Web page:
Almost all our behavior is animated by facts that turn into stories.
A guy bumped into me and spilled my drink.
FACT: (re-read the sentence above)
STORIES: He thinks he’s more important than me; He singled me out and did that intentionally; He’s in a hurry and didn’t notice; He’s recovering from an addiction and can’t control his body…
We craft so many stories that may or may not be true, and all of them are framed by our own biases.
“Between stimulus and response, there is a space. In that space is our power to choose our response. In our response lies our growth and our freedom. ”
— Viktor E. Frankl
People often ask my advice on whether they should pursue additional degrees or education.
Two important questions to ask yourself when considering ANY significant investment of time and resources:
1) What are my intended outcomes?
2) What are alternative ways I could achieve them?
The goals of starting an MBA program may be: knowledge; credibility; networking. One alternative is to work free of charge, shadowing people running a real business and achieve all three outcomes. Of course, you may decide after conducting this thought experiment that an MBA is best for you.
The wisest people are not the ones with the best answers, they’re the ones with the best questions.
Eulogies would be so much more valuable if we gave them while people were still alive.
Science confirms that expressing gratitude makes us and the object of our gratitude feel measurably better (Not that we needed science to confirm this).
Since no one obtains any kind of success without support from our parents, spouses, friends, old bosses who took a chance on us, 3rd grade teachers…make time to focus your energy on each person. Do it for them and you.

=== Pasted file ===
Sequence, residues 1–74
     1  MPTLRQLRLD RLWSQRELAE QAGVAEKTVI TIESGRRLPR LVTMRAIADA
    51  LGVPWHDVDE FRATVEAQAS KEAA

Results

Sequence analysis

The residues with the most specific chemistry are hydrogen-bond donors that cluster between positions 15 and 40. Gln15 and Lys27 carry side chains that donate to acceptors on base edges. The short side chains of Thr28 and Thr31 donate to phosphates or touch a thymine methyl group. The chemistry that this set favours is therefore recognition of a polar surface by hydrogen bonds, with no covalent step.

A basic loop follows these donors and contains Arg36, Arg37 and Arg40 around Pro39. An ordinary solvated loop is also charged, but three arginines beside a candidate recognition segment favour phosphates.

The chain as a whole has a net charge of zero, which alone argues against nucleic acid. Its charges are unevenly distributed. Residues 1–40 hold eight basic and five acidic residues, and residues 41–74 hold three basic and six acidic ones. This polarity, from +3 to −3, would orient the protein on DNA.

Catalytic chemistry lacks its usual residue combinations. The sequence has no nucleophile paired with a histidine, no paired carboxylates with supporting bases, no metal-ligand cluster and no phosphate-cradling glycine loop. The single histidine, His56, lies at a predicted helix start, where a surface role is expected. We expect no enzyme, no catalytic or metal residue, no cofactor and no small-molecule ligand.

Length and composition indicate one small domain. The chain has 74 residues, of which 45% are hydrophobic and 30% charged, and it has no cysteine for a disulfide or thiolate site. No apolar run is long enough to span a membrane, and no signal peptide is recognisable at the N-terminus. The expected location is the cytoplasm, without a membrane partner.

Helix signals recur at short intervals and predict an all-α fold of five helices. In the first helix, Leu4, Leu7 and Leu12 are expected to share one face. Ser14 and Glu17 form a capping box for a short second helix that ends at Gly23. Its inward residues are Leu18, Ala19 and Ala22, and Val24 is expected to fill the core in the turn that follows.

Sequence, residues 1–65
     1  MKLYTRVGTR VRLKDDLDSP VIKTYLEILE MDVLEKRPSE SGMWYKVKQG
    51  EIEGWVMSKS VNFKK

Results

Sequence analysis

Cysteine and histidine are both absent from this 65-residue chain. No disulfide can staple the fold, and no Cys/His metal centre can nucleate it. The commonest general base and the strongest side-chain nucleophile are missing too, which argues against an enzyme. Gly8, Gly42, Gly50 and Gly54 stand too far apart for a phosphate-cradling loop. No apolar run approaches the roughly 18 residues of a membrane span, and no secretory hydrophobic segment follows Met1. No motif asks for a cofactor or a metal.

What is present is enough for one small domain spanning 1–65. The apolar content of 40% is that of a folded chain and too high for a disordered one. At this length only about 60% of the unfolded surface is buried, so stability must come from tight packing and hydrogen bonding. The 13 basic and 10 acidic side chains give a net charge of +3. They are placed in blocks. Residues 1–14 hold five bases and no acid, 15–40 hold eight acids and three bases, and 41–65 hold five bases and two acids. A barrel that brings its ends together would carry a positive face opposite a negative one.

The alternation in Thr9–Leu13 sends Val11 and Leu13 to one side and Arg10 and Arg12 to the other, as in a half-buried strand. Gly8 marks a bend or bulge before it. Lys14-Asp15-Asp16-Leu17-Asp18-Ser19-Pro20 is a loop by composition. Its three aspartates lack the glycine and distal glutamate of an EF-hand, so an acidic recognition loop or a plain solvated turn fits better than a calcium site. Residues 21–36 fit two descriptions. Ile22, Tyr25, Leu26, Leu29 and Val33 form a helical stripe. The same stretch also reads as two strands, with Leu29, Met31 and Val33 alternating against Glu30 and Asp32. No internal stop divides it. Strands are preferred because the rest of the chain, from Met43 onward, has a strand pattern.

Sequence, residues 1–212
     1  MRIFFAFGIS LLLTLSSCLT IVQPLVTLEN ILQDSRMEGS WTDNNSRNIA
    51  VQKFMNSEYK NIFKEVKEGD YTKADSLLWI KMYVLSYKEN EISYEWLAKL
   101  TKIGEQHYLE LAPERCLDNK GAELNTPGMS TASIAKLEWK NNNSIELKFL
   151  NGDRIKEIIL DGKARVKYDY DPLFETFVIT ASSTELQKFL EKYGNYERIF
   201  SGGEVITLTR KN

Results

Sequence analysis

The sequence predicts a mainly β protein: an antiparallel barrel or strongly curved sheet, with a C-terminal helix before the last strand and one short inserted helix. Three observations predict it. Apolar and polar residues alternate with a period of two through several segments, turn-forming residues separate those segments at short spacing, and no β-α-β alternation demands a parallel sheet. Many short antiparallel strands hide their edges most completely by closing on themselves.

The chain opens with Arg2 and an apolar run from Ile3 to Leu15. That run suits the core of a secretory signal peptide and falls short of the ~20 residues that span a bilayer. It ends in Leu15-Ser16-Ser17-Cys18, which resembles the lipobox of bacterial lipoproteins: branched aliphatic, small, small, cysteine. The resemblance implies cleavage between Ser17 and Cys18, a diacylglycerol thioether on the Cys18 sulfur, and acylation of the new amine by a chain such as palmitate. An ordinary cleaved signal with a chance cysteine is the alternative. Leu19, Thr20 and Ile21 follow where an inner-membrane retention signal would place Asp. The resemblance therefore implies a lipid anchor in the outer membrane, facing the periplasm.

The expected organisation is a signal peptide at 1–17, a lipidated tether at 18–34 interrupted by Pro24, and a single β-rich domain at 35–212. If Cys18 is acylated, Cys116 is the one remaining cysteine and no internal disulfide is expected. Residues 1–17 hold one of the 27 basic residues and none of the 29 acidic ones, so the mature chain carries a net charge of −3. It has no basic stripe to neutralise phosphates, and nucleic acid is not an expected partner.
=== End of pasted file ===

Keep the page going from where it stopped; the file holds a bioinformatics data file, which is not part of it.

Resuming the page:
Who can you thank today?
I’ve read lots of books devoted to skill acquisition. There’s some useful info, backed by impressive data revealing habits, practices, and routines of world-class performers.
One of the most important commonalities is that most world-class performers had a coach/teacher who made the activity fun early on.
Interest precedes talent development, and even if Malcom Gladwell’s 10,000 hours theory is correct, most of us won’t devote the second hour to something that doesn’t seem fun.
Exposing children (or adults for that matter) to someone who can make an activity interesting or fun may be the most important first step. That goes for tennis, violin, or coding.
I believe that the ultimate goal of wisdom is to have the same clarity you’ll have on your deathbed, but long before that so you can still act on it.
From that perspective, it seems absurd that we would ever:
– Feel bad for not fitting in with certain groups
– Believe that others are hyper-aware of our minor flaws, like your unmatched shoelaces or tiny scar
– Thoughtlessly allow other people’s beliefs, opinions or fears to become our own
– Connect with, date, or befriend toxic people out of obligation or fear of the alternative
– Blame others for our circumstances
– Judge others for anything other than their character
– EVER take the most important people in our lives for granted
The exact life you have right now is a reflection of your standards, or, put simply, exactly what you are willing to TOLERATE. This includes your finances, how you’re treated by others, your relationships, etc.
The common approach to personal growth is to exert more effort. Try harder. Tenacity and grit are useful, but upgrading your environment works better and faster.
If your home, social or work life feel antithetical to your goals, they probably are. Your standards reflect your reality. Want to change the quality of your life? Three words: raise your standards.